Given the base cost of a Khareef-class corvette in todays money is under £170mn (the original deal for 3 ships included training and such, so the price is likely a bit lower), and with GFE of at least a radar and PDMS taking out the cost of some pricey bits of kit, there is no practical reason an enlarged version would cost more than £250mn. It’ll be a pretty ugly ship, but it will meet every requirement for Type 31.

        Arrowhead is definitely the wildcard, but that doesn’t necessarily make their bid less attractive. Beyond simply giving BAE the finger, it would be a sign of investment into a neglected industry that we could start trying to exploit again, which due to Brexit is desperately needed. Back to the actual design, I highly doubt Babcock and co would simply refuse Artisan and other GFE because it wasn’t in their initial mock up. Its worth looking at the original build for the Iver Huitfeldts as well: 3 year build, constructed in blocks in Lithuania and Estonia which were then shipped to Denmark, exactly as proposed here.

        Arrowhead has just two real flaws: the non-standardised combat system and (proposed) radar, and of course, cost. Now my maths may be wrong, but in 2008 the IH cost $325mn a ship, which in 2018 would be $380mn, or £297mn. So while Leander is an £80mn upgrade to a corvette, Arrowhead is a £50mn downgrade of a well armed AAW frigate. Is it a hard task? Yes. Is it possible? I’d give Babcock and co the benefit of the doubt, they may pleasantly surprise us.

        • Callum – Isn’t one of Babcock’s explicitly stated messages the fact that, by adopting the IH design with only minor superstructure changes, they avoid design costs which helps keep the overall per-vessel cost down. Feeding that into your thoughts on Arrowhead costs in your final (4th) paragraph your estimated inflation-adjusted IH price of $380m/£297m is derived from a $325m 2008 IH per-ship price that presumably did include some design costs amortised across that build program. I know that IH was derived from Absalon so the original IH build wouldn’t, I assume, have needed to absorb much if any hull (as in hull form) redesign costs but the superstructure design changes were (I assume) more significant and Ab -> IH went from a 2-engine setup to a 4-engine setup so even within the hull I assume IH would have needed a reasonable amount of internal redesign to accommodate different compartment sizes and/or roles, different weight distribution calculations, more/different routing of fuel, cooling, electrics etc.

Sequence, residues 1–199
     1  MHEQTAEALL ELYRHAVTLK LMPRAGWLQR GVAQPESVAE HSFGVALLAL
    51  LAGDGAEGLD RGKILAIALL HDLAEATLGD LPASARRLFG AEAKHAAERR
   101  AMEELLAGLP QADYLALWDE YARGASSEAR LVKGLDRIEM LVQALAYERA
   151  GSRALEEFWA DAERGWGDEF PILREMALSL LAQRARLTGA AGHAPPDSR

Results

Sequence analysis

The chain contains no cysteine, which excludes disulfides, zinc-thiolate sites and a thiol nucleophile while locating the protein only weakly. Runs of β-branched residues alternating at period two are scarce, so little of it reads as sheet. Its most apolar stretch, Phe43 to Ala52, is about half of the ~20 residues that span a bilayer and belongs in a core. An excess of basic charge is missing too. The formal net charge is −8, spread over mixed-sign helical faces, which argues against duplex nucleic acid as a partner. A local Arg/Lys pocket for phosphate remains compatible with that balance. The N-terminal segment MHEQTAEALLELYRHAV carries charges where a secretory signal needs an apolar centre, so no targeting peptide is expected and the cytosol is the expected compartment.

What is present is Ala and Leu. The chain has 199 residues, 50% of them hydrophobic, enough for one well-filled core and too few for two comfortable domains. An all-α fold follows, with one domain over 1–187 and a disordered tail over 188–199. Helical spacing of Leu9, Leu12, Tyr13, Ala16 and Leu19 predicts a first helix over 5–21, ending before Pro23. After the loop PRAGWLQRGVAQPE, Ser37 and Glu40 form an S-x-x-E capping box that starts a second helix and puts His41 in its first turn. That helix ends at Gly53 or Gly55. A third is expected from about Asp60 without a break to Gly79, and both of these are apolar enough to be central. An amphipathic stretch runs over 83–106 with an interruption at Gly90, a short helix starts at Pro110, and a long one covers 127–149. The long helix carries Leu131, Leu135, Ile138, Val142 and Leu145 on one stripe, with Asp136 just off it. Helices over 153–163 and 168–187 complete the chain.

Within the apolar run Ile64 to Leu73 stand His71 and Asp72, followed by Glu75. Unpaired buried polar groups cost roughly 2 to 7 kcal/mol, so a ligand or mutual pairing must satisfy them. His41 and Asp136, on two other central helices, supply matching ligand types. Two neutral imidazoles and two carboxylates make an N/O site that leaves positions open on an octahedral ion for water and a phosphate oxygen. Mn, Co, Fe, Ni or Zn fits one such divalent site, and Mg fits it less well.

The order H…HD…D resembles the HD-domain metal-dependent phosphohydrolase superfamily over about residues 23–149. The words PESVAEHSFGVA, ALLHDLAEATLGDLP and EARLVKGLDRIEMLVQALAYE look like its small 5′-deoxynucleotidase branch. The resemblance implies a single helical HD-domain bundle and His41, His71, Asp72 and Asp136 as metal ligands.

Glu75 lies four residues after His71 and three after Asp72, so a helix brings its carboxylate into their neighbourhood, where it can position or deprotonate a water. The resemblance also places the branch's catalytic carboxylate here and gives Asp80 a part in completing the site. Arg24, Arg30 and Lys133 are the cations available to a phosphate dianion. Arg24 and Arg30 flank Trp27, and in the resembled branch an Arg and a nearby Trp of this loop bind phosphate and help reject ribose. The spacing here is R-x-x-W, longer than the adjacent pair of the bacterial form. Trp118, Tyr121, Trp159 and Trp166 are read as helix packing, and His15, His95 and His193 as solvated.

I’m not saying that all of the above is enough to get £50m savings in today’s money but it should at least contribute something and maybe something reasonably significant.

          Is Thales’s place in the Babcock consortium quite awkward I wonder. If Arrowhead were to win, or to get to the stage where it was the preferred bid, I can see huge pressure coming from the MoD to use not only GFE radar (Artisan) but also for it to come to some arrangement to supply BAE’s CMS. Where would that leave Thales in the consortium if Babcock/MoD could make both of those things happen?

        • Hi,
          I do not think Leander will meet every requirement of type 31 design or at least the published capability requirements.
          Leander is not particularly lean manned a crew of over 110 personnel for a 4000 ton frigate is not that lean.
          Leander also has little to no wide margin compared to Arrowhead, thus future upgrades are going to be difficult. Leander could be acceptable but BAE need to enlarge the hull and put some more tech (automation) into the ship to make Leander less heavily crewed.